Gardening with Canna or Indian Shot

Gardening with Canna or Indian Shot

Complete Cultural Details That Ensure a Magnificent Display of Brilliant Summer Color

Tender herbaceous perennial plants, from South America and the West Indies, of the family Cannaceae. They have unbranched, stately stems springing from a fleshy rootstock; large, ornamental foliage; and showy gladiolus-like flowers in dense terminal clusters during summer. They are chiefly used in summer beds and borders. The origin of the name is uncertain.

When to Sow Seeds

Cannas can be raised from seeds but this is rarely done except for the production of new varieties. Seeds are sown in a greenhouse with a temperature of 65-70 degrees. January is the best month for sowing if it is desired to produce plants to flower the same season, but seeds may be sown in any month up to June. Before being sown, the seeds, which are very hard, are soaked in tepid water for 24 hours to hasten germination, or they are nicked with a file. They are then set 1/2 in. deep in pots filled with light, sandy soil; the soil must be kept moist. As germination is slow, the number of seeds sown should be noted, so that it may be known when all have germinated. As soon as the seedlings have formed a pair of leaves, they are potted singly in small pots, filled with a compost of equal parts loam and leaf mold, a little well-decayed manure and a scattering of sand. They are then placed in a greenhouse with a temperature of 65-70 degrees and repotted in 5- or 6-in. pots when the roots appear through the soil.

Propagation by dividing the rootstock is effected in February or March. The rootstock is carefully cut apart with as much tissue as possible to each growth bud. The divided parts are then planted in sand or very sandy soil and are placed in a greenhouse having a temperature of 70 degrees. They are kept moderately moist. When the new shoots are 4 in. long, each division is potted separately in a 4-in. pot in well-drained, fertile soil and is returned to a warm, moist greenhouse and encouraged to keep growing.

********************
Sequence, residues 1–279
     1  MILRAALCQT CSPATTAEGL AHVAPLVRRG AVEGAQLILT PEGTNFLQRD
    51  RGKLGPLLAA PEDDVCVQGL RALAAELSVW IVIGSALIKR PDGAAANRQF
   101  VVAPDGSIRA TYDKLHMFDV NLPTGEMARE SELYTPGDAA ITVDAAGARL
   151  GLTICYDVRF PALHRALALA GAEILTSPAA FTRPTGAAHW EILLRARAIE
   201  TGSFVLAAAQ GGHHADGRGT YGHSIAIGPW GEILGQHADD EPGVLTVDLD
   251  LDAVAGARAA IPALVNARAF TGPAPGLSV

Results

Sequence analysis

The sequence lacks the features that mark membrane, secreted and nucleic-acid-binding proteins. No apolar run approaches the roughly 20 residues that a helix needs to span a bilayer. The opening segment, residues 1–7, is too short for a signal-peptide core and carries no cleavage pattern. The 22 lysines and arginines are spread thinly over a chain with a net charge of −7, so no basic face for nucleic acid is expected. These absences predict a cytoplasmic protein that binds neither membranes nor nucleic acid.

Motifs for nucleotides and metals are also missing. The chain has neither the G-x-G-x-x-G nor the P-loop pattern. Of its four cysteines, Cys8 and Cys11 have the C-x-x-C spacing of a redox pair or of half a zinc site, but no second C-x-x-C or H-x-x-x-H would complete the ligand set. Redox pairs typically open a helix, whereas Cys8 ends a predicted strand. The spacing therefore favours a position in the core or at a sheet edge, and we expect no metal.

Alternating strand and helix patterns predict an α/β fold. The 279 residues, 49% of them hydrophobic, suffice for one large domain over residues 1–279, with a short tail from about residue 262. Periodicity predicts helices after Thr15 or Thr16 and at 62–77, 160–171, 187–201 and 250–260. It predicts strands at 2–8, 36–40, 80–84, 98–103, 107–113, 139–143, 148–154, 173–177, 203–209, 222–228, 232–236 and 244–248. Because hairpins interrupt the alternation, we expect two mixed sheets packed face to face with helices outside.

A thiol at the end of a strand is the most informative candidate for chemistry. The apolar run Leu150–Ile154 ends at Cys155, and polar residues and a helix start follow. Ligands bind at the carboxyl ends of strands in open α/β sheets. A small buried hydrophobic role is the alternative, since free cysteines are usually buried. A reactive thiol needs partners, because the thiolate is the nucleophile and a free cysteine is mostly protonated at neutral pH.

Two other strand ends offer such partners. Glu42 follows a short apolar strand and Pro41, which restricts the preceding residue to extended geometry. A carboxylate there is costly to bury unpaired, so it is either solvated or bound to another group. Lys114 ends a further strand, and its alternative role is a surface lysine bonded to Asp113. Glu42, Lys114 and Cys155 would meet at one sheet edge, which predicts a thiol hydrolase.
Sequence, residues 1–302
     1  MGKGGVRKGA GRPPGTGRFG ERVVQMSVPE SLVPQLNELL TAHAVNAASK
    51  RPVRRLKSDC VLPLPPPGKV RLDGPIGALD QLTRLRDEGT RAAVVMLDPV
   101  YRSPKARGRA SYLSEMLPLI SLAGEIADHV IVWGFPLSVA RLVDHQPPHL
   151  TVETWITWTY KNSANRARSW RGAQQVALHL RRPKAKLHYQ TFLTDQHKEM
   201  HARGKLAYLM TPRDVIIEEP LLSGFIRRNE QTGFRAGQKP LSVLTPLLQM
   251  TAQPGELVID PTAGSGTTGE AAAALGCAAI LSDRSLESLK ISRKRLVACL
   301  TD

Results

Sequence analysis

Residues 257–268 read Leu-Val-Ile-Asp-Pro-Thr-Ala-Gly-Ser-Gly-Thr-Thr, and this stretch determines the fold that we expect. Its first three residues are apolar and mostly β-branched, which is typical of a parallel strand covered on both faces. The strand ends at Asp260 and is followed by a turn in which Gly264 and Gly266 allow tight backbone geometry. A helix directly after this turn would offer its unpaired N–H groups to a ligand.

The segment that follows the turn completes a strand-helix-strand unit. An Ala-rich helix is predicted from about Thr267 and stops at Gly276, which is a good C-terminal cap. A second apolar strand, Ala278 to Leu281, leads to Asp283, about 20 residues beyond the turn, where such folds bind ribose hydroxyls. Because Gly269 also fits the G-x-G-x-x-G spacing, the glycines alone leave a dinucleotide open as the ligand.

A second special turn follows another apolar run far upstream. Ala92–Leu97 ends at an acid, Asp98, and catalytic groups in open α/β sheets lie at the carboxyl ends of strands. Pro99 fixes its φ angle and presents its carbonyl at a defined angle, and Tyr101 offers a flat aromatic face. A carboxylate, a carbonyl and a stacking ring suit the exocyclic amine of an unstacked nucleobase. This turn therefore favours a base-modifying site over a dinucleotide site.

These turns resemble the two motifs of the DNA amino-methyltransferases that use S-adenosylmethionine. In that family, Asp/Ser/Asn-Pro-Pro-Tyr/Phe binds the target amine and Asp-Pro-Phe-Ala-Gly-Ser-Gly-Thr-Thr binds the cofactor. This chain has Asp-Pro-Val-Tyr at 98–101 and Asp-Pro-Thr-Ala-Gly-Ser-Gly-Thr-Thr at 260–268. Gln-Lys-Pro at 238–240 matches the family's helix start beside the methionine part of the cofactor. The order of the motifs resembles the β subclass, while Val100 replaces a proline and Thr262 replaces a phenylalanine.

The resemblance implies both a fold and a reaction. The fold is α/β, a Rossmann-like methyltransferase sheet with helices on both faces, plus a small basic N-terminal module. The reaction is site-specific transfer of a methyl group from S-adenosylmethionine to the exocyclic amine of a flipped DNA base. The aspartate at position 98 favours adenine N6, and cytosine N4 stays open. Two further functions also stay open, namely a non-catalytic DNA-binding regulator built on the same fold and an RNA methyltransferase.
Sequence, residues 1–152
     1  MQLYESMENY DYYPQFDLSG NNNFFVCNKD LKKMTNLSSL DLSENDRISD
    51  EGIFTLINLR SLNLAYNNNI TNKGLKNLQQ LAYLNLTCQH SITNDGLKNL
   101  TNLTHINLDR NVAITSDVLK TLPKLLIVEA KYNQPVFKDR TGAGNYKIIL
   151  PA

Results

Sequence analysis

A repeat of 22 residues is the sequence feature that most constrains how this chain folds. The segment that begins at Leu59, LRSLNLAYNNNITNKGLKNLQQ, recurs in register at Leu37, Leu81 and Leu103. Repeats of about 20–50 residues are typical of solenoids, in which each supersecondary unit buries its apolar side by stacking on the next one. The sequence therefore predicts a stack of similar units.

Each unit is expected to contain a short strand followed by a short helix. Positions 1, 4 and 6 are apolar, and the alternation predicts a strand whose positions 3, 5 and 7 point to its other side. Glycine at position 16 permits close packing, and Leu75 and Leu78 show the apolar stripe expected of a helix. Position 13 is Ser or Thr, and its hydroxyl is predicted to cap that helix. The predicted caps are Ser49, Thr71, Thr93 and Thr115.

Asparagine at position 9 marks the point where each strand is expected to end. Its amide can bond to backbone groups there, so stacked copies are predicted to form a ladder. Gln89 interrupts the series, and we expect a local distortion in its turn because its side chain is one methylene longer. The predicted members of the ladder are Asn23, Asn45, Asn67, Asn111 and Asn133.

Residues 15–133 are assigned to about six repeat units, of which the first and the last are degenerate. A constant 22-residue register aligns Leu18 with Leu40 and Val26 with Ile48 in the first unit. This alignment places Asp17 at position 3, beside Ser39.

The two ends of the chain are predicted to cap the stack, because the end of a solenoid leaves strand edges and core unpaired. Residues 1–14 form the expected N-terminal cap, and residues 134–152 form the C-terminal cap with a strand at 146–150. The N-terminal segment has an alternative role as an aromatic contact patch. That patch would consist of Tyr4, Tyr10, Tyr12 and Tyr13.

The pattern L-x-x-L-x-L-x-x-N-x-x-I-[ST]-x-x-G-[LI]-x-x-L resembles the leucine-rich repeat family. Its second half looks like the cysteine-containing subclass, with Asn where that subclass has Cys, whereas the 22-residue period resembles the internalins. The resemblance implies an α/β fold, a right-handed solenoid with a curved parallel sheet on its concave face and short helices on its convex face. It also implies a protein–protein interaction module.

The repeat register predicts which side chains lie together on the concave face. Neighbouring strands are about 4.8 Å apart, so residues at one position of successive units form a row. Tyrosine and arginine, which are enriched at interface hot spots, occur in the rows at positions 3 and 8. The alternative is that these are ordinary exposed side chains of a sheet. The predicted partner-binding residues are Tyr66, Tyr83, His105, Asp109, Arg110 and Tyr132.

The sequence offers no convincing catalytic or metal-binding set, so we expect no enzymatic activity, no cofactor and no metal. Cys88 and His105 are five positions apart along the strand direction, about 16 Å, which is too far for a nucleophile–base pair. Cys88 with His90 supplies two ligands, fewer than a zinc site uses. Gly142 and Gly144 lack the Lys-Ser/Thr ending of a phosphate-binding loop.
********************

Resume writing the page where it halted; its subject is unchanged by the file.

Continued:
Planting Out of doors

In May the plants are hardened off by being placed in a cold frame, if they are intended for planting out of doors during the first week in June. They are planted 12-15 in. apart, in ground which has been dug deeply and enriched with decayed manure or compost and fertilizer. There they will flower freely during the summer and early autumn. In warm districts the roots may be left in the open ground during the winter with a sufficient covering of leaves or similar material to prevent them from freezing. Usually, however, they are lifted as soon as the leaves have died down, with as much soil clinging to their roots as possible, and are stored in a frostproof shed or greenhouse covered with fine dry soil. A storage temperature of 45-50 degrees is ideal.

The Chief Kinds

Canna iridiflora is a Peruvian plant, 5-6 ft. tall, which bears rose-colored flowers; C. Warscewiczii from Costa Rica has reddish-purple leaves and reddish flowers; C. glauca, a South American plant, 5-6 ft., has pale green leaves and yellowish flowers. C. flaccida from South America, 2-4 ft., with large yellow flowers, is a parent of many of the modern hy brids.

There are numerous showy, named varieties and these are now chiefly grown. They are grouped into two sections, the Orchid-flowered and the Gladiolus-flowered; the latter type is the more popular. The Gladiolus-flowered Cannas are distinguished by their dwarf habit of growth and free flowering. Some of the best Canna vari eties are King Humbert, scarlet flowers and bronze foliage; King Midas, golden, green foli age; Mrs. Alfred Conrad, salmon pink; The Pres ident, large scarlet flowers, green leaves; Yellow King Humbert, green foliage, yellow flowers; Rosamund, green foliage, flowers red with bor der of yellowish-brown; Orange Humbert, bronze foliage, flowers orange; Aida, old rose and salm on; La Boheme, peach-pink; La Traviata, old rose; Mme. Butterfly, yellowish-pink; and Rigo letto, yellow.

Economic Uses

The tubers Gf Canna edulis, native of the West Indies, are edible, and from them are produced Canna starch-tous-les-Mois -which is used in the preparation of infant foods. The leaves are used in Brazil for packing purposes. The seed is almost round, black, and so hard that it has been used instead of shot by the West Indians; it is also used for beads.

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